When it comes to smart dietary habits that can guard us against breast cancer, it can be difficult to sift through all the research out there. To eat soy or not to eat soy, to steer clear of dairy, to drink red wine, white wine, or no wine?! Ahhh! Overwhelming, right? But there's one rule that never seems to change and only seems to get even more obvious: We have to eat our veggies.
Cruciferous ones (like cabbage, cauliflower, broccoli) are always touted as fighting off cancerous cells, but a recent study published in the journal Hormones and Cancer gives props to two less likely heroes: Celery and parsley.
The researchers from the University of Missouri found that a substance found in both veggies called apigenin can slow the progression of breast cancer tumors associated with the synthetic hormone progestin. You know, the fake "Frankenhormone" paired with estrogen in menopausal hormone-replacement therapy -- and also in birth control pills! -- which has been known to increase the risk of breast cancer.
Granted, the recent study was done on mice ... They had been specially bred then implanted with breast cancer cells and given a progestin called medroxyprogesterone acetate (MPA), which is the same as that given as part of certain menopausal hormone-replacement therapy.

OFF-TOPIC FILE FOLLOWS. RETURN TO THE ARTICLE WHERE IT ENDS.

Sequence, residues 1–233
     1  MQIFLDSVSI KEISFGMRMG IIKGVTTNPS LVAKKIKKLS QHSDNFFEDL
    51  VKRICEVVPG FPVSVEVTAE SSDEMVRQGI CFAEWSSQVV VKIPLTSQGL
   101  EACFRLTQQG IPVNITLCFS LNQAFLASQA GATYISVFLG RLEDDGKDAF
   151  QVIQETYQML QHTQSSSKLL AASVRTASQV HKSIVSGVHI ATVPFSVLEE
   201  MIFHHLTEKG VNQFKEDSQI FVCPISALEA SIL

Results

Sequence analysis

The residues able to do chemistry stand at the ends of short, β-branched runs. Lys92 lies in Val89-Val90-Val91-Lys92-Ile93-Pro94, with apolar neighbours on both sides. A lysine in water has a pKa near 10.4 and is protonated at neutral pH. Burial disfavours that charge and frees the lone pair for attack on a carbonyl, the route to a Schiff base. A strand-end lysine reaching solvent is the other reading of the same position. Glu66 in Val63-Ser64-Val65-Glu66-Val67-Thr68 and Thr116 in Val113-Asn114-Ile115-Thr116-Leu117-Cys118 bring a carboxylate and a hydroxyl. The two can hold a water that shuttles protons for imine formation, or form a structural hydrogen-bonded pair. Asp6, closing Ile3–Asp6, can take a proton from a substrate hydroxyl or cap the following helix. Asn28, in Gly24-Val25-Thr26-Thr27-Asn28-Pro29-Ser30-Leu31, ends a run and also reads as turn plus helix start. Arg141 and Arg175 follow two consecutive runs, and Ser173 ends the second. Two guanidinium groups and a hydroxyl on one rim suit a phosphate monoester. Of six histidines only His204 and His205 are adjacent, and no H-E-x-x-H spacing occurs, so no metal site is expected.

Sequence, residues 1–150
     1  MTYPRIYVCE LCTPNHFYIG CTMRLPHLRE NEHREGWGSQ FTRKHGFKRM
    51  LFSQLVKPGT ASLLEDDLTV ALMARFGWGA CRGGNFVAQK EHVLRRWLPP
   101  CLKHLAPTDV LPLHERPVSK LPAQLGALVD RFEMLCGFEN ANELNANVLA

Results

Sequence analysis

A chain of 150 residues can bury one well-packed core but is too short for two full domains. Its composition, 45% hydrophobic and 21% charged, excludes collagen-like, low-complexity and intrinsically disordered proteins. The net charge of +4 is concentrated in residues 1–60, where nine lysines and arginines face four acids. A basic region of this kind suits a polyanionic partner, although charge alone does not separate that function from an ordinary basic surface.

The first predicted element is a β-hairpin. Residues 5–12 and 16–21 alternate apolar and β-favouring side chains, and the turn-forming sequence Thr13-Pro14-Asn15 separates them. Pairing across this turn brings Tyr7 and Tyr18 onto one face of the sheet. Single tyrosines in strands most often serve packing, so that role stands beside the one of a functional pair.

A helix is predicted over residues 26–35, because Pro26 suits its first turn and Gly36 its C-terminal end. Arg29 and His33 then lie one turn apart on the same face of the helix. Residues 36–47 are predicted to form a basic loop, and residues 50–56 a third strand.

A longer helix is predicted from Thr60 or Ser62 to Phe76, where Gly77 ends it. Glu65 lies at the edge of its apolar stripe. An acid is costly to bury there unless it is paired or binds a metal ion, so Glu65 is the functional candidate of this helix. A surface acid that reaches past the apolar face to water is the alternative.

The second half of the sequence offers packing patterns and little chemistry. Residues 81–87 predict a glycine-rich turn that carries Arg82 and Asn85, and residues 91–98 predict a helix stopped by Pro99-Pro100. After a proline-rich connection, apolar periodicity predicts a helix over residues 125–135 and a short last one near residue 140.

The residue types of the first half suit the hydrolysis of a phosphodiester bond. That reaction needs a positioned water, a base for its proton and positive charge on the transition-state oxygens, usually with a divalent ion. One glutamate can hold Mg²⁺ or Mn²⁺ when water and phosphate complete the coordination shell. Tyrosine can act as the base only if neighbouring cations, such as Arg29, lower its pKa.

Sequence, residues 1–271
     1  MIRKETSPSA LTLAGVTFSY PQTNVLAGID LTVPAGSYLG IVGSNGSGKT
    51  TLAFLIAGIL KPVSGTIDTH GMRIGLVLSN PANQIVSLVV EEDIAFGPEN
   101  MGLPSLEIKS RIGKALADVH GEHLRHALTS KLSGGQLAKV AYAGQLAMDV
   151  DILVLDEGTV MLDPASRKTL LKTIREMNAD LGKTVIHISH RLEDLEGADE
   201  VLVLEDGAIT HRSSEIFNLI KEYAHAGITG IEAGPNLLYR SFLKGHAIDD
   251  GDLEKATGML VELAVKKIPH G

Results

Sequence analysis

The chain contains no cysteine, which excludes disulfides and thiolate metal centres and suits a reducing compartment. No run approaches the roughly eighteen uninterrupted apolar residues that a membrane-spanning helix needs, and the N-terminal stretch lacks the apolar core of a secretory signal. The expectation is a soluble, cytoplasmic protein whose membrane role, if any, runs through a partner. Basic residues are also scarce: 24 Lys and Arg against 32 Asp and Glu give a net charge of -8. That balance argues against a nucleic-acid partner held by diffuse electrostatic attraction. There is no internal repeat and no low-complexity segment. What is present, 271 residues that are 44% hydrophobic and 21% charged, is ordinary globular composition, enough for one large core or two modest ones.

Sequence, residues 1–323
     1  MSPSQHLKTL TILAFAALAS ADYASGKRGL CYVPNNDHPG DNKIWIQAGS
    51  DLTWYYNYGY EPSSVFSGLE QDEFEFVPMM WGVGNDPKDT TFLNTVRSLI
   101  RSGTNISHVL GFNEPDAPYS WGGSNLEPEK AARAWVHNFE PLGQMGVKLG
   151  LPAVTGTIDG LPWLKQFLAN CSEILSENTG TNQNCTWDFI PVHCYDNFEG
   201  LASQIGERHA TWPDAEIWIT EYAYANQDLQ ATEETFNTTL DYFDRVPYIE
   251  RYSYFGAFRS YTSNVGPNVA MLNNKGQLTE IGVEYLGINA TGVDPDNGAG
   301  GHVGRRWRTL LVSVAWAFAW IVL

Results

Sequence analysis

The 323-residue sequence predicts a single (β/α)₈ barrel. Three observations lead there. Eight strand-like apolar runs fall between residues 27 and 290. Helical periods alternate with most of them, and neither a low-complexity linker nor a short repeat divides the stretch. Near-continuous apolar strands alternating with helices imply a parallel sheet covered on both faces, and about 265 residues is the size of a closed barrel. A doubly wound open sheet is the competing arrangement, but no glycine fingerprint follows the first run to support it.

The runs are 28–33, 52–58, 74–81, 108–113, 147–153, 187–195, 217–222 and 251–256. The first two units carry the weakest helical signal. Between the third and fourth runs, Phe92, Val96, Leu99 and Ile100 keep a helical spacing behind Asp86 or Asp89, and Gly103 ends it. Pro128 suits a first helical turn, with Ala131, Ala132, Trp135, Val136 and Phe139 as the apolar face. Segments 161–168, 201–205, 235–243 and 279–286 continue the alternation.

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Even though it was just an animal study, I wouldn't underestimate the power of celery and parsley. Or any veggies with "special powers" like this! It's impressive that something found in nature can curb something as evil as a cancerous tumor launched (or at least exacerbated) by synthetic hormones.
Still, this news shouldn't exactly make any woman shrug off the risks associated with synthetic hormonal drugs like HRT and birth control pills. To me, it only reiterates the problem that these drugs are triggering breast cancer tumors in the first place! Not that there's any harm in loading up on "ants on a log" or parsley-spiced soups, but if we really want to quash our risk factor, backing awaaaay from the fake hormones might be an even better place to start!
Do you take birth control pills or menopausal HRT? Does this research make you feel less or more worried about the breast cancer risk associated with those drugs?
Image via Emilian Robert Vicol/Flickr